WTF?! The bench press is the greatest lift ever? This is coming from the guy who has put the bench press up against other exercises like the dumbbell fly, or dips, or even close grip bench vs dips and skullcrushers, only to have it at best tie or more often than not, lose. Is this some sort of cleverly disguised bench bashing article (again)? No, I’m serious. Well, sort of. I wouldn’t necessarily call the bench press the best exercise ever, but I do want to give it the respect it deserves. It is after all the first exercise that most bodybuilders perform every Monday, it translates well to many sports that include horizontal pushing such as football, hockey and rugby to name a few and it does activate the muscles of the lats, delts, pecs, tri’s and requires a good amount of leg drive and abdominal stability in order to provide power. So, what’s not to like?

Let’s take a look at some of the history of the bench press to get this article and most likely series, rolling. When it was first introduced the lying on your back bench press was looked down upon by the weight lifting community. Why would anyone want to lie on their back and try to expand their chest muscles? Real men did overhead presses from the standing position. A funny thing happened though and that was women apparently liked this new broad chest look and for some reason those ‘real men’ decided that they too should give this bench press thing a try.

The bench press has undergone many changes over the years since its ‘invention’. The first method was the floor press. Way back in 1899 the man who invented the hack squat named George Hackenshmidt rolled a 361 pound bar onto himself while lying on the floor and pressed it. Doesn’t sound that impressive? It stood as the record for 18 years.

When that record was finally broken there were new methods taking shape. It was discovered that one could use powerful glutes as a way to hoist the weight overhead when lying on the floor by placing the bar over ones abdomen and performing a form of an explosive bridge to power the bar upward. This form of benching was known as the belly toss, and the heaviest weight lifted was by a strongman/wrestler by the name of George Lurich who belly tossed 443 pounds. Although not exactly a bench press, as it was really more of a hip thrust/bridge that just happened to have the bar end up over the chest when it was caught.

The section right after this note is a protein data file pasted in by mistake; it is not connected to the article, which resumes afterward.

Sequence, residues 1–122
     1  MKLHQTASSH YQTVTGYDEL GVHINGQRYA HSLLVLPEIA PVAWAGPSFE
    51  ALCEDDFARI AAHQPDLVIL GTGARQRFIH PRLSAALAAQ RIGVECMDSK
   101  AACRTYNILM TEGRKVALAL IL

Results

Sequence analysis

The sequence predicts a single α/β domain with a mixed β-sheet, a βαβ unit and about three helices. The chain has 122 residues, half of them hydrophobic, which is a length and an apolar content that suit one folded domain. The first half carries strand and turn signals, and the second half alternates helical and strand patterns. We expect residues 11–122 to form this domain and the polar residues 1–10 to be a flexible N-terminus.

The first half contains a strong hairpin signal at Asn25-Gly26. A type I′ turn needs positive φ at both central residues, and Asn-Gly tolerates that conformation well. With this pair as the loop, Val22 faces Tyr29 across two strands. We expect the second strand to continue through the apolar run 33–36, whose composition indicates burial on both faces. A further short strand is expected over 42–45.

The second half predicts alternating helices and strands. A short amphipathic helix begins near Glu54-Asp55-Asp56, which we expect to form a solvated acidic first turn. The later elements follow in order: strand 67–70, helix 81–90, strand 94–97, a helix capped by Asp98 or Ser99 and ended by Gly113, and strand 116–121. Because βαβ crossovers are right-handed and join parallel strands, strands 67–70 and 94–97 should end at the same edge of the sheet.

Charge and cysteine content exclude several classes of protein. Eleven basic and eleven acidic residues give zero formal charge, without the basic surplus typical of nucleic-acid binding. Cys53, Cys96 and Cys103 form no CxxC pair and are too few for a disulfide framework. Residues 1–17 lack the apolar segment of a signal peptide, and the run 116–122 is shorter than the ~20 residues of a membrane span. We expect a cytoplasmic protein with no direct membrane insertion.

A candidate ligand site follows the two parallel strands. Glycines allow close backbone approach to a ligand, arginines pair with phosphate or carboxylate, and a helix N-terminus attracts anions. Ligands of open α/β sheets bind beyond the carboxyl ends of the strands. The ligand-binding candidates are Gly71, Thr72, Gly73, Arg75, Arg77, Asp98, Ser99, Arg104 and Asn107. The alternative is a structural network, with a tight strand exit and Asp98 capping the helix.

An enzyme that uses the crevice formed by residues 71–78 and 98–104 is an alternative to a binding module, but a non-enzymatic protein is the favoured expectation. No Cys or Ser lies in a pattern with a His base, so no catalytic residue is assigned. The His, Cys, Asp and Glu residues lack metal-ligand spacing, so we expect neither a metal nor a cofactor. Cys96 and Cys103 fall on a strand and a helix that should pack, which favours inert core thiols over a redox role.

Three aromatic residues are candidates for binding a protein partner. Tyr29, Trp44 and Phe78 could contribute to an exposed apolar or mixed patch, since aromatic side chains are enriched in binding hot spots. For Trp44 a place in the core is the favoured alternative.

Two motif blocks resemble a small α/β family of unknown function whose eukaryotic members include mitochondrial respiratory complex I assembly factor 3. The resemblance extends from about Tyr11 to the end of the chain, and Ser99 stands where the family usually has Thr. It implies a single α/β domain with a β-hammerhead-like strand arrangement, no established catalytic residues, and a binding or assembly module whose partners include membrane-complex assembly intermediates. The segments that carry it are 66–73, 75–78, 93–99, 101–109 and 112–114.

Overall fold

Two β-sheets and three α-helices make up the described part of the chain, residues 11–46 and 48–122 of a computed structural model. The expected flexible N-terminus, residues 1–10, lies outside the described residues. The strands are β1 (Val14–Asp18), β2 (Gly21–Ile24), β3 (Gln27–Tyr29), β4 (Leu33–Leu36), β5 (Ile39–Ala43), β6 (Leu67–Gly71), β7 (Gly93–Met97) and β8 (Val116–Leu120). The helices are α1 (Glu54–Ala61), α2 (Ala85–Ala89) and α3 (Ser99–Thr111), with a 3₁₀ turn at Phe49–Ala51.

There were more bridging variations to follow but the pullover and press were standardized in 1939 and the technique involved keeping the legs straight, the feet together and the buttocks on the ground.

Floor pressing soon evolved into pressing from small boxes. The reason for this was that the range of motion could be increased and by doing so the pectoralis activity as well. This ushered in the production of equipment that were specifically built to perform the horizontal press. Even with these new pieces of equipment, there were many techniques used throughout the 1940’s including the belly toss, the press from back (a form of a controlled bridge the included the tri’s and pecs as the movement was not as violent as the belly toss), the bridge press and finally the bench press.

It took until 1950, but bodybuilding was slowly becoming mainstream. Not to the degree that it is today but it wasn’t just strongmen anymore. It was regular people who wanted to fill out their t-shirts and attract women. You know, just like now. It was at this time in history that the bench press was the king of upper body lifts. The benches produced became better, and spotting while benching became the norm, and as a result the weights pressed began to climb.

In the 1950’s a man named Doug Hepburn became the first person to bench 400 and 500 pounds with a pause at the bottom. A man named Pat Casey lifted 600 pounds in the 1960’s and Ted Arcidi benched 700 pounds in the 1980’s. The first to bench 800 pounds was Gene Rychlak in the 1990’s and in the early 2000’s the 900 and 1000 pound marks were broken. The current record of 1075 lbs belongs to Ryan Kennelly, who used a bench shirt that are en vogue in today’s competition while Scot Mendelson continues to hold the record for a 715 pound lift without the benefit of the modern supportive equipment.

Just as it still does today the bench press has always been questioned by many as to its safety and validity. It has been said to cause unequal chest to back development, poor posture, cause shoulder injury and many question its transfer to sports or functional movements.

The current arched back technique and bench shirts that are used by powerlifters are considered by many to be a form of cheating. Just like steroids in competitive bodybuilding continue to grow larger athletes, the big three lifts in powerlifting must use whatever is at their disposal to continue to have new records set. When we next get together I will continue to look at The Bench Press – The Greatest Lift Ever. Until then,

Happy Lifting!

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This article was written and researched by Matt Taylor

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